NAGOYA – Toyota Motor Corp. said Tuesday its group plans to sell 10.77 million vehicles worldwide in 2020, slightly up from 10.72 million vehicles estimated for this year, nudging it closer to No. 1 automaker Volkswagen AG.
The figure would mark an all-time high for the fourth consecutive year and top 10 million units for the seventh straight year.
Volkswagen sold 10.8 million units in 2018 and said in October it expects deliveries to be little changed this year.
Overseas sales are expected to grow 2 percent to 8.50 million vehicles, offsetting a 4 percent fall in domestic sales to 2.26 million units. The global sales include those of vehicles sold by its two subsidiaries, minicar-manufacturer Daihatsu Motor Co. and truck-maker Hino Motors Ltd.
The Toyota group plans to raise global production by 1 percent to 10.90 million vehicles next year from 2019, with overseas output accounting for 6.49 million units, up 4.3 percent.
Toyota released the projections as the auto industry is struggling amid prolonged trade friction between the United States and China.
Toyota’s own domestic production in 2020 is expected to fall 5.3 percent to 3.24 million units but will remain above the 3 million threshold for retaining the company’s current labor force.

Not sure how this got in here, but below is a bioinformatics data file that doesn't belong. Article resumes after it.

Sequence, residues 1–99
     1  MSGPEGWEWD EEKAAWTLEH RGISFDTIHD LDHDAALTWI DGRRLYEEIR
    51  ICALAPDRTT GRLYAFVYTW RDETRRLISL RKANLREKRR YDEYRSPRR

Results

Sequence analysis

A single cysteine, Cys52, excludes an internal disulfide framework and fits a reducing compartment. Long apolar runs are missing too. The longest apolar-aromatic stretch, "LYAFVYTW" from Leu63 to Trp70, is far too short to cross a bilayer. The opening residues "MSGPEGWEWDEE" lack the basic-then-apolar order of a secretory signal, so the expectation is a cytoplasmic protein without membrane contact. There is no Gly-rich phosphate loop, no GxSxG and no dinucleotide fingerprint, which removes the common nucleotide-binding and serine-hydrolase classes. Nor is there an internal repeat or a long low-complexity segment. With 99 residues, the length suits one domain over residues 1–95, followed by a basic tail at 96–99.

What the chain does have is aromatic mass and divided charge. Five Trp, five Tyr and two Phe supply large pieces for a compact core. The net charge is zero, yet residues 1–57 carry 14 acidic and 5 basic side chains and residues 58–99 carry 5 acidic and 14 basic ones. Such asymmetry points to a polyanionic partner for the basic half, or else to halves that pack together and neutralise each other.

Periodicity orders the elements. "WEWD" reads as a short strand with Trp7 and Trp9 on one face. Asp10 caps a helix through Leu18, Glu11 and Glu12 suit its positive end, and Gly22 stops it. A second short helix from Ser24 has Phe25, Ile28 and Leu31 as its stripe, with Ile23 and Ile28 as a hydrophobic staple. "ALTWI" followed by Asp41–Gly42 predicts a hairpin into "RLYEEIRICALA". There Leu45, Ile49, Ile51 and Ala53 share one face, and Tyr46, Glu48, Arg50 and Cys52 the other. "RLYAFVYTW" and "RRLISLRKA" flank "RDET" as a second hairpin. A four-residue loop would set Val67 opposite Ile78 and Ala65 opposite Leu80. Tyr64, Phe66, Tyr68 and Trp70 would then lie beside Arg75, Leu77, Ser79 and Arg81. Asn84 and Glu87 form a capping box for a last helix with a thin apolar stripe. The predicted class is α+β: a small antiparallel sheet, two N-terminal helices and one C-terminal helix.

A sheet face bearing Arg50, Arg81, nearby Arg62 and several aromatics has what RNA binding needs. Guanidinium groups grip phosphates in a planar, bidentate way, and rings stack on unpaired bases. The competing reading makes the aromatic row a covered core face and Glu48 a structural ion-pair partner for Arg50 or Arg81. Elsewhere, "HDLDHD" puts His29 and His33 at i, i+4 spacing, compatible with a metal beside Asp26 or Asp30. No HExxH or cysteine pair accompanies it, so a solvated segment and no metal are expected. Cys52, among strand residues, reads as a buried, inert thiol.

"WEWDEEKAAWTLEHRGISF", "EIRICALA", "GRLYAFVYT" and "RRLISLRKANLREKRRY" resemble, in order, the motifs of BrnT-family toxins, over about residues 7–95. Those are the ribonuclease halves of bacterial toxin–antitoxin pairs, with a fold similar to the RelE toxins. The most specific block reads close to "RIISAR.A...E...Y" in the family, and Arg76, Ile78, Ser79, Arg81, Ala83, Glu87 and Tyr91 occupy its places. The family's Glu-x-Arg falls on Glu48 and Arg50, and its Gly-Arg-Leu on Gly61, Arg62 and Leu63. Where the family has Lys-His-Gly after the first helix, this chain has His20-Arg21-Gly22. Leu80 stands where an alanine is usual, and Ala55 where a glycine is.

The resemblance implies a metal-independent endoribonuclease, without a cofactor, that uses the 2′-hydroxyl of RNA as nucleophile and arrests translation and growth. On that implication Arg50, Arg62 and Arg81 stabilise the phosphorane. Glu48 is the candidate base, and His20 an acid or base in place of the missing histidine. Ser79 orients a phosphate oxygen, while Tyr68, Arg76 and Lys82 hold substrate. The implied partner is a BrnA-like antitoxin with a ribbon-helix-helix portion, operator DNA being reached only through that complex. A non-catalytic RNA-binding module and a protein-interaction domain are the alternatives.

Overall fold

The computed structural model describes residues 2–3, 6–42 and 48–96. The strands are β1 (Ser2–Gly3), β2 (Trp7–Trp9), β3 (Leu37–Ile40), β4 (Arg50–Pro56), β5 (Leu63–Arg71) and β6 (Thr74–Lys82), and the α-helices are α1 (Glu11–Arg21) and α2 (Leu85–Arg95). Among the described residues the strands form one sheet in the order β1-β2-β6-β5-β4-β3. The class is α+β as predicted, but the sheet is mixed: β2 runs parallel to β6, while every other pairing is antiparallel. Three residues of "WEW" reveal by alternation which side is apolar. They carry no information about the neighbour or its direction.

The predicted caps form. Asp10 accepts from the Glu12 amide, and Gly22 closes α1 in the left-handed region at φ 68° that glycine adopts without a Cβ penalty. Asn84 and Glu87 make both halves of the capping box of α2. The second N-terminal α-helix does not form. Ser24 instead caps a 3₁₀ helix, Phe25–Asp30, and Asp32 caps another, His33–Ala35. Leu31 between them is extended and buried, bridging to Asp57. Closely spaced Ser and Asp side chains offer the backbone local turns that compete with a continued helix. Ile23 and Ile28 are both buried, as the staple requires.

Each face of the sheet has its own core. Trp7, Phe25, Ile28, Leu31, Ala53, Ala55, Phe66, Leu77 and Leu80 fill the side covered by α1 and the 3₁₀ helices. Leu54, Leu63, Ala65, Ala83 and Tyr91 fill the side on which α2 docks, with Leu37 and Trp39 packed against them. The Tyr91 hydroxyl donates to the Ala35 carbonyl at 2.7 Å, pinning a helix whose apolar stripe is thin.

Automakers are fighting to sell cars in a difficult environment, with tepid economic growth worldwide and trade tensions forcing them to cut profitability outlooks and slash more than 80,000 jobs. At the same time, they are seeking new growth by investing in a once-in-a-generation industry shift toward electric vehicles, self-driving technologies and ride-on-demand business models.
New car sales in China, the world’s biggest auto market, for this year is likely to come below the 28.08 million units logged in 2018, the second straight yearly decline, according to the latest data from an industry group.
Car manufacturers have also come under increased pressure to raise competitiveness as consumer demand shifts to autonomous, electric and connected vehicles, which require hefty investments and advanced technologies.
As electric motors, autonomous capabilities and new mobility services disrupt the industry, Toyota has been forging alliances, adding Suzuki Motor Corp., Mazda Motor Corp. and Subaru Corp. through partnerships and equity stakes. Alliances are becoming ever more critical in the global auto industry as manufacturers seek to pool resources and save costs. Ford has teamed up with Volkswagen, while Honda Motor Co. and General Motors Co. are working together.